Everybody loves spring, but perhaps nobody loves the season more than Oregonians who, year after year, endure long winters. For them, spring is the time of year when all of Oregon seemingly makes its annual weekend migration to the coast, to play outdoors and take in the wonder that is the state’s coastline. And while there are plenty of choices along the Oregon Coast that are well worth the drive, Oregon’s southern coastline—especially in the spring—has quietly become a destination for day trippers and weekenders in search of adventures that its northern neighbors don’t offer.
Right now, Shore Acres State Park is already in full springtime bloom, as perennials like tulips and daffodils have come alive in the park’s botanical garden. A stroll through this garden can be sharply contrasted by visiting the park’s ocean-side observation deck where, if you’re lucky and go on the right day, you can watch the ocean at its most dramatic, as 100-foot swells crash against the park’s rocky shores.Spring is also a great time to go crabbing along those same rocky shores in the nearby town of Charleston. Just stroll down to the docks with a bucket and some bait, and wait for your trap to fill — often as quickly as a cup of coffee. Then take your haul to any of the many nearby crab shacks dotting the town and watch as their kitchens cook up your catch to your particular liking.If you prefer more galvanizing outdoor activities, you can always mountain bike the newly opened Whiskey Run single-track trail; just know beforehand that this mountain bike route is not for novices. Or you can rent ATVs and ride the Oregon Dunes which, soaring 500 feet above the coast line, offer some of the best ocean views Oregon has to offer.
Whether you prefer passive or active outdoor activities, you’re going to eventually need to call it a day, which means taking things inside. The southern coast has you covered here, too.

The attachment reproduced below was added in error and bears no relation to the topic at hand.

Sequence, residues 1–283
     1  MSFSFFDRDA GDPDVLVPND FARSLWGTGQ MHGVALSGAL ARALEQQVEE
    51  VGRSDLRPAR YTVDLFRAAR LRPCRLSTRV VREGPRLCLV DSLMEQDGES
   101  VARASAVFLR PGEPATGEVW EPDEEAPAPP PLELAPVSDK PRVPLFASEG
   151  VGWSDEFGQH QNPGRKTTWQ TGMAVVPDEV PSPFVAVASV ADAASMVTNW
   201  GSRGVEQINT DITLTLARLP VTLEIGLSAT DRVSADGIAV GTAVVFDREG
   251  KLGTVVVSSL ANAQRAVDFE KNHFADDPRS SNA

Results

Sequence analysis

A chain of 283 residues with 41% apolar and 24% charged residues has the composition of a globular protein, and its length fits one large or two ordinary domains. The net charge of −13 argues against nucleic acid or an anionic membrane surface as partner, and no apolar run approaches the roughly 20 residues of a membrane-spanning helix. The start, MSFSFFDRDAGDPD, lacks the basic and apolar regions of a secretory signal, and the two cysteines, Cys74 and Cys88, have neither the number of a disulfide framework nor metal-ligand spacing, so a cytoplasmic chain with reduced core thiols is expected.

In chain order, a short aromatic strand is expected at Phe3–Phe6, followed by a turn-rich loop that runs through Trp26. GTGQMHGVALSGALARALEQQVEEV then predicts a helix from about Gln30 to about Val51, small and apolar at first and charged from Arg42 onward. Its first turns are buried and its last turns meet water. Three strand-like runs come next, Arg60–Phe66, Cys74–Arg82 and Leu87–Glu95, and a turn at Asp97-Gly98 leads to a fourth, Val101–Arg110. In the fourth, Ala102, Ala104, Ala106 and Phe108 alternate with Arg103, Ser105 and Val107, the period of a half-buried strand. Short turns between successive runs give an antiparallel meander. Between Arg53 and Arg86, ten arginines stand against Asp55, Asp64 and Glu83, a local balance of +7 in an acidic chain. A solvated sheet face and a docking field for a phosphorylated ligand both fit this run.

If you’re an aficionado of beer and music, a trip to 7 Devils Brewing Co. public house in Coos Bay is requisite. And dinner at the Tokyo Bistro, known for making its own sake and turning fresh coastal fish into culinary works of art, is a dining experience like no other in the area. Of course, if you plan to stay the night (or the whole weekend), we are an entertaining place to hang your hat.
In addition to fielding a friendly staff, we offer food and drinks from five distinct on-site dining establishments, headlined by the Plank House Restaurant, which features delicious locally sourced cuisine and spectacular bayfront views and Whitecaps, the casino’s elegant bay-side lounge, which features small plates and hand-mixed cocktails.
And if you’re the type that likes to plan ahead, be sure to make your plans for May 26 and 27, when we’ll host the 7th annual BBQ, Blues and Brews festival, which draws as many as 10,000 visitors to the coast for two sunshiney days of brisket, craft beer and blues music from some of the state’s finest players. If the latter sounds appealing, know that the every one of the area’s hotels get booked up fast, so you should make your reservation now. But also know that if you’re looking for a coastal adventure this weekend, The Mill Casino is as affordable now as they are any time of year.